Grapevine: 2014, here we come

Lovers of cantorial music should mark the weekend of January 9-11 in their calendars, for a musical weekend at the Ramada Hotel.

New Year's ball New York 521 (photo credit: REUTERS)
New Year's ball New York 521
(photo credit: REUTERS)
LOVERS OF cantorial music should mark the weekend of January 9-11 in their calendars, for a musical weekend at the Ramada Hotel sponsored by Tour Plus and featuring Dudu Fisher, Yitzchak Meir Helfgot and Yaakov Motzen. The latter two are flying in from New York; all three will appear together in concert on Thursday. On Friday, there will be a musical Kabbalat Shabbat with Helfgot and friends. Helfgot and Motzen will lead the services for Shabbat prayers on Saturday, and singer Israel Parnas, known for his extensive repertoire of hassidic songs, will lead community singing at the Shabbat meal.
Also in January, but towards the end of the month, is the CyberTech 2014 International Exhibition and Conference at the Tel Aviv Fairgrounds.
Cyber tech and security are becoming increasingly important global issues. The three-day event will be opened on January 27 by Prime Minister Binyamin Netanyahu.
ISRAEL RADIO’S Haim Ador came home on Sunday to find a letter inviting him and his wife to attend a charity performance by Yehuda Poliker. The event was also to be attended by Finance Minister Yair Lapid and Health Minister Yael German. But when Ador, who lives in Haifa and broadcasts from the North about the North, read the name of the person who had signed the letter, he got goose bumps. It was signed by Dov Lautman, who only a few hours earlier had been taken to his final resting place.
Lautman, who was born, raised, lived, died and was buried in Tel Aviv, was mourned by many individuals and representatives of organizations and institutions. It is customary when someone has the title of “Yakir,” an honor given by municipalities to residents who have performed outstanding service in one or more fields, for the mayor to place a small death notice in the newspapers when such a person dies. In the case of Lautman, who was also an Israel Prize laureate, the notice signed by Tel Aviv Mayor Ron Huldai was more than twice the usual size, and the wording began, “The city of Tel Aviv-Jaffa mourns the death of Dov Lautman…” Huldai, in his capacity of chairman of the board of directors of Kiryat Atidim – Tel Aviv’s science-based industrial zone, of which Lautman was a longstanding member of the board – also signed a much more personal notice. In it, he stated that Kiryat Atidim was parting from Dovik Lautman with “pain and deep admiration for a man of vision, great action, a leader and a true friend.”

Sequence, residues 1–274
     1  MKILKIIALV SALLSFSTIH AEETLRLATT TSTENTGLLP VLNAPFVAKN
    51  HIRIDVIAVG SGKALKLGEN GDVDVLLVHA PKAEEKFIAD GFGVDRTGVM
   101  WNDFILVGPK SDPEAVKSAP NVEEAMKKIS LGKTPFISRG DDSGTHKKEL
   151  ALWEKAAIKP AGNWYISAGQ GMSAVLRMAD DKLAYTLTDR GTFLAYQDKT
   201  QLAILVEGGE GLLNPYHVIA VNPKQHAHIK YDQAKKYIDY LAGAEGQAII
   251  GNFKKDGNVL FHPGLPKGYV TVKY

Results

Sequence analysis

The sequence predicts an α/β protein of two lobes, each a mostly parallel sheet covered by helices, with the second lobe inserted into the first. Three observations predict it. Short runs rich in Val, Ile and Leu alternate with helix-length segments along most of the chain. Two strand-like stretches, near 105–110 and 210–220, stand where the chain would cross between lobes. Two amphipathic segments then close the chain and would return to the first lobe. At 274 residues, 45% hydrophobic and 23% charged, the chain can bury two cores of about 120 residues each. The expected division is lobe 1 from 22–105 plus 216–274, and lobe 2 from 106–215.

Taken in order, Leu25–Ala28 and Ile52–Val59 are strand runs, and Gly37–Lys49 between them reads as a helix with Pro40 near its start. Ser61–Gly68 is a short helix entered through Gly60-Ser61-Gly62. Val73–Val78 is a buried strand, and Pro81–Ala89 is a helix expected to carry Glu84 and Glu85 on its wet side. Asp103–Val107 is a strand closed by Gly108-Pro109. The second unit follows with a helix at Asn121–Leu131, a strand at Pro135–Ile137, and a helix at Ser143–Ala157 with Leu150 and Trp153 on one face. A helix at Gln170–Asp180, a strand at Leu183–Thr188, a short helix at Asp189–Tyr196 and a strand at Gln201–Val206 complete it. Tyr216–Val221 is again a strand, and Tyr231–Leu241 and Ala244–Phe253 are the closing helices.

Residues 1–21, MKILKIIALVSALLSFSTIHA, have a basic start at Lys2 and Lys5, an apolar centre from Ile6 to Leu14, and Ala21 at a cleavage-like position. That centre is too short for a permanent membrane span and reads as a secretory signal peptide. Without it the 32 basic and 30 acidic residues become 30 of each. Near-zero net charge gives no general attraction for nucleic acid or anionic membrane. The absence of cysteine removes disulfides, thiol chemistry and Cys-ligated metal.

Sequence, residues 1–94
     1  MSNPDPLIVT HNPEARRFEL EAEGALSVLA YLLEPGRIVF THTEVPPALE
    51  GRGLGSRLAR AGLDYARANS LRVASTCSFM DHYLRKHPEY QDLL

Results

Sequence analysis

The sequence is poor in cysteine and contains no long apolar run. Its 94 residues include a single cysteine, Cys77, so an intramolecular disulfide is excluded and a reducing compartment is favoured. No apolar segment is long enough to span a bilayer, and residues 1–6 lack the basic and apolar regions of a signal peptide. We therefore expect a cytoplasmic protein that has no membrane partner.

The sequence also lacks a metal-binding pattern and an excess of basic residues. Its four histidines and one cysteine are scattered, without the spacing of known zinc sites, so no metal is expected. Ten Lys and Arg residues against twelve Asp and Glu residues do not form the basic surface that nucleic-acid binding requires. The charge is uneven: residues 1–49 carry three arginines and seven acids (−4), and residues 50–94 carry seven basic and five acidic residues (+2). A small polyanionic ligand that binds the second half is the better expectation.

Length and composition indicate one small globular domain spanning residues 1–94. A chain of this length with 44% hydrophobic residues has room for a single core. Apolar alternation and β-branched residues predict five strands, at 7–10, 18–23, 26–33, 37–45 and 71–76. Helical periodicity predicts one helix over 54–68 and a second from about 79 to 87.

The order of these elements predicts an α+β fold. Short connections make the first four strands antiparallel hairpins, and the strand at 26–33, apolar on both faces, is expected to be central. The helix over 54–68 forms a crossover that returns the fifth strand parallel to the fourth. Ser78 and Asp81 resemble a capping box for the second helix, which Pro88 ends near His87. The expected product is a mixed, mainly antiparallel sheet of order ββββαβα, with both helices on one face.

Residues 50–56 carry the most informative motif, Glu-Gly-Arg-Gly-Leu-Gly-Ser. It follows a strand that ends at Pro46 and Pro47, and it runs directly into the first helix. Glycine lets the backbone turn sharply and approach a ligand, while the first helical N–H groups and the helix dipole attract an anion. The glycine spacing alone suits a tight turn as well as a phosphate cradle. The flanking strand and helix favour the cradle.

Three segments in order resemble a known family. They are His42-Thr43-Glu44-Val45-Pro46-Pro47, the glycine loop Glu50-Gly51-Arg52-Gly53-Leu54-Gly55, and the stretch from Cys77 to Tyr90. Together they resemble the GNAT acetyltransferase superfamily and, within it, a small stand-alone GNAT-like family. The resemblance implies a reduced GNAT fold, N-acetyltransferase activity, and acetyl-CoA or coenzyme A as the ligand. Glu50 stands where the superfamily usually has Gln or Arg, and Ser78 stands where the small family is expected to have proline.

INTERNATIONALLY CELEBRATED lawyer Alan Dershowitz will answer tough questions from young professionals on Sunday, December 8, from 7 p.m. at the David Intercontinental Hotel. The Tel Aviv International Salon and StandWithUs have made a deal with Globes to enable young professionals to attend the event, which is part of the annual Globes Conference. Though the premises are huge, pre-registration is required.
The entry fee is NIS 20, which includes wine and refreshments. The event, from the standpoint of Tel Aviv International Salon and StandWithUs, is strictly limited to young professionals in their 20s and 30s. Early birds can also catch a session of the prestigious conference at no extra charge.
Registration details are available on the Facebook page of the Tel Aviv International Salon.
THINGS ARE not going well for actor Yehuda Levi, who is finding it difficult to stay in one place. Following the breakup of his relationship with Ninet Tayeb, he moved out of the apartment they had shared and rented another in Neveh Tzedek. But three months after he moved in, the landlord sold the apartment, and the new owner asked him to move out. With no time to find an alternative, Levi moved into temporary quarters at Herods Hotel, which though conveniently located from the perspective of getting to places in central Tel Aviv, is still not the same as a place to call home.
AT AGE 36, singer, songwriter and musician Idan Raichel became a first-time daddy at the beginning of the week, when his partner Damaris Doebel gave birth to a girl at Lis Maternity Hospital in Tel Aviv. Raichel had been worried that he might not be present at the birth due to performance commitments, but the stork took his engagements into consideration and the baby arrived at a time when he was free to welcome her into the world.
Mother, daughter and father are all well.